Reflections on the AIDS 2016 Conference

Reflections on the AIDS 2016 Conference

by Kananelo Khalla

The 21st International AIDS conference in Durban, South Africa was the greatest experience for me. I was one of more than 15,000 attendees from around the world who participated in AIDS 2016, where I met amazing people from different countries and backgrounds who are living with HIV.

It truly touched me to be in a room full of people, feeling safe and supported to talk about my life with HIV. I recall thinking that, with our combined experiences, we can really end the HIV epidemic. As a recruited peer educator from a poor family background and a rural community of Lesotho, I aim to bring back to my community discussions and exchanges from the conference, which were of the highest quality.

At the conference, some important discussions were held around criminalization, self-stigma, research tools driven by people living with HIV, HIV-positive adolescents, foundations for HIV, and the linkage between HIV and reproductive health services. Perhaps the most burning questions were around how to approach universal treatment in a time of reduced funding, and how networks of people living with HIV, including infected adolescents, can contribute most.

We are working to decrease the fear of HIV/AIDS among young people and end the epidemic, but we do so in a setting of scarce resources. Networks of people living with HIV are struggling to be funded, making our programming, including implementation of new campaigns and projects, more difficult.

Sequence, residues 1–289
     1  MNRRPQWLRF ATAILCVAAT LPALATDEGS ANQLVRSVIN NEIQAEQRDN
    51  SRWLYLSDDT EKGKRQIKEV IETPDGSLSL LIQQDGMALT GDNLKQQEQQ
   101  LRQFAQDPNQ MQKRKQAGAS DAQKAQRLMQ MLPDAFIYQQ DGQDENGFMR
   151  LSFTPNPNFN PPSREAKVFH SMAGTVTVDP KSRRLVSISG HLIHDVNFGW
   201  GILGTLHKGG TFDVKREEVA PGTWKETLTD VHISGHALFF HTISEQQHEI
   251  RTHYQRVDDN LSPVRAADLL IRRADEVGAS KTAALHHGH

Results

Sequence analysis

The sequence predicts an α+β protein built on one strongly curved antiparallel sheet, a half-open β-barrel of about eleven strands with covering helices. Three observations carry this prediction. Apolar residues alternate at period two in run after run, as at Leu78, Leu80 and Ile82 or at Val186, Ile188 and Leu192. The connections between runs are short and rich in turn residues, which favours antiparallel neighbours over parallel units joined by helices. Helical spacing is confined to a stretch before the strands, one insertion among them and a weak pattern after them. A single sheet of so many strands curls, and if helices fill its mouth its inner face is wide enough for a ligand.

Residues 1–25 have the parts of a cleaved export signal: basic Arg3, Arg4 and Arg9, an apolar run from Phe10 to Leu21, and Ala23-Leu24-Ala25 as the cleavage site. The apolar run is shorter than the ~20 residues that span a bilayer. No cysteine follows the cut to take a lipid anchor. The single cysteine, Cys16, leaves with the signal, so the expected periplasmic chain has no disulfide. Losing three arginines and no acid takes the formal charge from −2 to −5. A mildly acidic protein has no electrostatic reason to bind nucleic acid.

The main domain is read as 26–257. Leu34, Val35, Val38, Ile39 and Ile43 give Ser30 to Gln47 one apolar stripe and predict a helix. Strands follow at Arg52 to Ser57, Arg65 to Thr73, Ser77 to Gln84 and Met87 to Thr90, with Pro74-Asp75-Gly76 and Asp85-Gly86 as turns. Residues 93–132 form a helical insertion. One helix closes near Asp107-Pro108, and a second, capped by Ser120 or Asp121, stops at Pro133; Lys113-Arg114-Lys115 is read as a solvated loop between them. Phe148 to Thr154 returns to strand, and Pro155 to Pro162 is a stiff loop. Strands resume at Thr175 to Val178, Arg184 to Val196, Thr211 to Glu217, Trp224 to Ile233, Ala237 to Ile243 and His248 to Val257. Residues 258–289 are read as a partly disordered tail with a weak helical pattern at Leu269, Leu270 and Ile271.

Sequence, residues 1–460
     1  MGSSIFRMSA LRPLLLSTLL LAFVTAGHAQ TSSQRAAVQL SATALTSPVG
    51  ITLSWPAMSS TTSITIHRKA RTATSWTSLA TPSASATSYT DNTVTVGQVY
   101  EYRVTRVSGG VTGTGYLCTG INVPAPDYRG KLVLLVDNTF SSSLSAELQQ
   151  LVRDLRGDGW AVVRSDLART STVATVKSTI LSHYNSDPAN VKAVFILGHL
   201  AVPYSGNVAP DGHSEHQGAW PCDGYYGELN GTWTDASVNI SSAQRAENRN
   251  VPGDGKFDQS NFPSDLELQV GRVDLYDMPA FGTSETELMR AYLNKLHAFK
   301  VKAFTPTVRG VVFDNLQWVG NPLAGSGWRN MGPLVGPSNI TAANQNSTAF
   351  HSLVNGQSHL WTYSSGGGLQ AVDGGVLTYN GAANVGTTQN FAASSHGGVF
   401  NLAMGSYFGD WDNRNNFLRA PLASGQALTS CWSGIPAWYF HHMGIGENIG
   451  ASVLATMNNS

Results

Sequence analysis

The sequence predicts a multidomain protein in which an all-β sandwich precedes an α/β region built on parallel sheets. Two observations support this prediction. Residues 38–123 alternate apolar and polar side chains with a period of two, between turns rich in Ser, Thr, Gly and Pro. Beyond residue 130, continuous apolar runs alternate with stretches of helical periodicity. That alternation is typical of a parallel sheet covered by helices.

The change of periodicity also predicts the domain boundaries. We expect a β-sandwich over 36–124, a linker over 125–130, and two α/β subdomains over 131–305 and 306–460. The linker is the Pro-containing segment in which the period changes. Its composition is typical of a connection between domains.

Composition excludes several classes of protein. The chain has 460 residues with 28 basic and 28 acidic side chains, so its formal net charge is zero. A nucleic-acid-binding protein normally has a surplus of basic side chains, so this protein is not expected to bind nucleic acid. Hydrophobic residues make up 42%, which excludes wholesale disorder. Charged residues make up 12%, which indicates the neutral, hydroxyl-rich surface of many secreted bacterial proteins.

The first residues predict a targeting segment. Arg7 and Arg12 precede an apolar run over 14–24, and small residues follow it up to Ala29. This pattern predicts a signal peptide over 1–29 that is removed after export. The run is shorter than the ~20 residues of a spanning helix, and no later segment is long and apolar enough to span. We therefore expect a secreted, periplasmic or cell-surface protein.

The movement of people living with HIV needs to join forces along a common and ambitious vision and purpose. We need solidarity amongst ourselves, and we need to be inclusive of all key populations of Lesotho. We can turn the experience of being Durban as an opportunity to change Lesotho, for an AIDS-free generation would be one of our greatest gifts our nation could give to our collective future. HIV/AIDS is merely a disease, and as we have never before had a disease we could not conquer, I believe we can conquer it during my lifetime.

As HIV-positive adolescents within the Baylor College of Medicine Children’s Foundation – Lesotho network of HIV/AIDS care and treatment, we are defining and reiterating a collective strategy that clearly articulates what adolescents living with HIV can do. We have to capitalize on our motivation from our experience in the field of HIV/AIDS, and claim our role in supporting treatment literacy, access, and adherence. To make our experience of being in Durban as selected delegate more effective, we must sure that our efforts don’t end when the conference ended, but that we continue working towards an HIV/AIDS-free generation.

Lastly, having visions without actions is like daydreaming, but visions with actions can change the world. We may be young, but we have the energy to make the difference in Lesotho. All we need is emotional and financial support to help us make our dreams become reality around the world.